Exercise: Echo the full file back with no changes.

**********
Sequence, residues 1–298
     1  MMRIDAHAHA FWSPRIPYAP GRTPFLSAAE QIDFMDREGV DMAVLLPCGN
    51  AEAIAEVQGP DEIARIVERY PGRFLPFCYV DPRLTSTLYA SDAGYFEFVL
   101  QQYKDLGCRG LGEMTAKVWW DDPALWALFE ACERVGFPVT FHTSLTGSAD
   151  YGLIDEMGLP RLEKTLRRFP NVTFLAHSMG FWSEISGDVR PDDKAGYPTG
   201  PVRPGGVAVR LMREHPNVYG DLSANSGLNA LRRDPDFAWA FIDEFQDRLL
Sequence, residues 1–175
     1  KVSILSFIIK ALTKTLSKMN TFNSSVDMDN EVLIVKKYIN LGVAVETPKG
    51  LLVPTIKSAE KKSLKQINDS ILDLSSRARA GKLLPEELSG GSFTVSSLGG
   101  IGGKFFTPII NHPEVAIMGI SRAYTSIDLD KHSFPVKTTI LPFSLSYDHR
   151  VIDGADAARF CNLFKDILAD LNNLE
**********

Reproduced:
Sequence, residues 1–298
     1  MMRIDAHAHA FWSPRIPYAP GRTPFLSAAE QIDFMDREGV DMAVLLPCGN
    51  AEAIAEVQGP DEIARIVERY PGRFLPFCYV DPRLTSTLYA SDAGYFEFVL
   101  QQYKDLGCRG LGEMTAKVWW DDPALWALFE ACERVGFPVT FHTSLTGSAD
   151  YGLIDEMGLP RLEKTLRRFP NVTFLAHSMG FWSEISGDVR PDDKAGYPTG
   201  PVRPGGVAVR LMREHPNVYG DLSANSGLNA LRRDPDFAWA FIDEFQDRLL
Sequence, residues 1–175
     1  KVSILSFIIK ALTKTLSKMN TFNSSVDMDN EVLIVKKYIN LGVAVETPKG
    51  LLVPTIKSAE KKSLKQINDS ILDLSSRARA GKLLPEELSG GSFTVSSLGG
   101  IGGKFFTPII NHPEVAIMGI SRAYTSIDLD KHSFPVKTTI LPFSLSYDHR
   151  VIDGADAARF CNLFKDILAD LNNLE